This thesis is concerned with some practical and theoretical problems in the field of spatial stochastic point processes. The work described falls into two main areas: Chapters 1-3 describe some techniques for analysing spatial patterns, while, in Chapters 4-7, properties of certain stochastic models for spatial patterns are investigated, theoretically and empirically. We consider simple point processes in the plane, strictly stationary under rigid motions of the plane; many of the techniques and results can be generalised to more than two dimensions. Chapter 1 discusses the use of empty space in analysing spatial patterns; the method described estimates the probability that a randomly placed set of a given shape and size is empty of points of the pattern. Chapter 2 describes the use of histograms to estimate g(t)/2 for a spatial pattern; this technique is of use during the earlier stages of the analysis of a pattern. In Chapter 3, empty space techniques are generalised for the analysis of 'multitype' point patterns, and are compared with second-order methods for analysing such patterns. All the techniques of Chapters 1-3 are illustrated by examples. Chapters 4-7 deal mainly with models for 'hard core' point patterns. Chapter 4 contains a review of various models for hard core processes. Chapters 5 and 6 are concerned with spatial birth and death processes which are used to simulate realisations of certain models for point patterns, notably Kelly-Ripley models. In Chapter 5, coupling techniques from Markov Chain theory are used to obtain theoretical convergence results for such processes. Chapter 6 describes a computer algorithm for simulating hard core birth and death processes at high packing densities. In Chapter 7, this algorithm is modified to simulate the 'SSI' process and to investigate the complete packing of non-overlapping discs in a rectangular container.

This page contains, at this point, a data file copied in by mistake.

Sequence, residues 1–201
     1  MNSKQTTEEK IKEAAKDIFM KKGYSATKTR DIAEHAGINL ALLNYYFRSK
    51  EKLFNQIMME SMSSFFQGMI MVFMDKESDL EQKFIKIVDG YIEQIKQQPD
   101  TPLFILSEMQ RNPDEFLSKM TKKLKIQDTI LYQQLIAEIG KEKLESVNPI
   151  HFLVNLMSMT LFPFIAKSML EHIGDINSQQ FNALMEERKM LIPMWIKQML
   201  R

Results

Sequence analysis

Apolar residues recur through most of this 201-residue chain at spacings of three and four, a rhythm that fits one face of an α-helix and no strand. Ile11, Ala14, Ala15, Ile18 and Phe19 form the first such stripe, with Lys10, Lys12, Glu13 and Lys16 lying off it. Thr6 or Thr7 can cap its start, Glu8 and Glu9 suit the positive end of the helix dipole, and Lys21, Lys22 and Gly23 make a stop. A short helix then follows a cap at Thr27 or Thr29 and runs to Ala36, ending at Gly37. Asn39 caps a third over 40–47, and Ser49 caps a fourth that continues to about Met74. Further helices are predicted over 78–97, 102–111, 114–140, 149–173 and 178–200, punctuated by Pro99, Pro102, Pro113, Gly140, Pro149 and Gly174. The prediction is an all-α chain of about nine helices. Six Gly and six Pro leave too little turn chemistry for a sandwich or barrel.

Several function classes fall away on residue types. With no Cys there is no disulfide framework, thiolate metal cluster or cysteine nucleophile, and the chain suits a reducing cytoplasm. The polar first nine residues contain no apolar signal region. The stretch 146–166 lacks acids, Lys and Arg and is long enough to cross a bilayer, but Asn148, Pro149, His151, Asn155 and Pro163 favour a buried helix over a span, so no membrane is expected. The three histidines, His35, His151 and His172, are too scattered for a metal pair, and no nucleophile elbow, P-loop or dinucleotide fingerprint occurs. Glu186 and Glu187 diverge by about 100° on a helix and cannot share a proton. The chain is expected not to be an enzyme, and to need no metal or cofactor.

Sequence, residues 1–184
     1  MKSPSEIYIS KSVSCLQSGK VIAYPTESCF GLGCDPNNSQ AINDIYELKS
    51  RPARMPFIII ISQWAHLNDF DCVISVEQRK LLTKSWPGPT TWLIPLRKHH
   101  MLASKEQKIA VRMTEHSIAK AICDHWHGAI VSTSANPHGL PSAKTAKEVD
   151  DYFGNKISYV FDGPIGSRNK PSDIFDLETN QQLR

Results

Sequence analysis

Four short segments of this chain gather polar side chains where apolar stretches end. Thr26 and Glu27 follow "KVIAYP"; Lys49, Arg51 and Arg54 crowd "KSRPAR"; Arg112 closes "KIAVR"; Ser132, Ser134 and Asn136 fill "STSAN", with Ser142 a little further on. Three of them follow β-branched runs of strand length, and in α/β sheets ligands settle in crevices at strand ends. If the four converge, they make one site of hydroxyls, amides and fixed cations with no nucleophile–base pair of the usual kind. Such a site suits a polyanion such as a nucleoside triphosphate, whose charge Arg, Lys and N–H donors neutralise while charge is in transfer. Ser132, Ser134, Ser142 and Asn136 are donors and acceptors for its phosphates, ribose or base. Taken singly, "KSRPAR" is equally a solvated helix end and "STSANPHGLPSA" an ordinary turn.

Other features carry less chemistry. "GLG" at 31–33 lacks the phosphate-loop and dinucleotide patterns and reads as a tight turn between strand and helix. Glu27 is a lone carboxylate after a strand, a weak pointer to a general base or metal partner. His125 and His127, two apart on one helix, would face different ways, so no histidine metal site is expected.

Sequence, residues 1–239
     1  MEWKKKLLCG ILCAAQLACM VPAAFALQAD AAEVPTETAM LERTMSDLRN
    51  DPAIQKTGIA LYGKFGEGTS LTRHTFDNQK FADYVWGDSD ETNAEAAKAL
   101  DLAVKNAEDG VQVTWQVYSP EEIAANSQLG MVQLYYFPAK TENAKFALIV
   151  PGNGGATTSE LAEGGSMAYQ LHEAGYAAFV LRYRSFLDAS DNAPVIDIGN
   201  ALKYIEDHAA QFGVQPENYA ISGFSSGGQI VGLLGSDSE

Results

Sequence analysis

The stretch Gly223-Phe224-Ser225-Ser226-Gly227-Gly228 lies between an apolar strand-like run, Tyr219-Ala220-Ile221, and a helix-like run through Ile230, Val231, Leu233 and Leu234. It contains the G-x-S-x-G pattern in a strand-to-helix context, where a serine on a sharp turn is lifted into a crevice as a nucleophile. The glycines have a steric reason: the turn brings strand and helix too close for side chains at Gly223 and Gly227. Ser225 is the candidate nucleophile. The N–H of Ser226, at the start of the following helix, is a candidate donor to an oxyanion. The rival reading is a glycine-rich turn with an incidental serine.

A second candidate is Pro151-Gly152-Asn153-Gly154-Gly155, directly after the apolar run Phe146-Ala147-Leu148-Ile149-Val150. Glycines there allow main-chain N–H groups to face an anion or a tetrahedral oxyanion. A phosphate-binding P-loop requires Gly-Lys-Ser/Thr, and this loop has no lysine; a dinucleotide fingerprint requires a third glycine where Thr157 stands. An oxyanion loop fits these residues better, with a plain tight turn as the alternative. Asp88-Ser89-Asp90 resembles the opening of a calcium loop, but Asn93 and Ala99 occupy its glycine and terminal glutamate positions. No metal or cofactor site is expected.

|Date of Award||1981|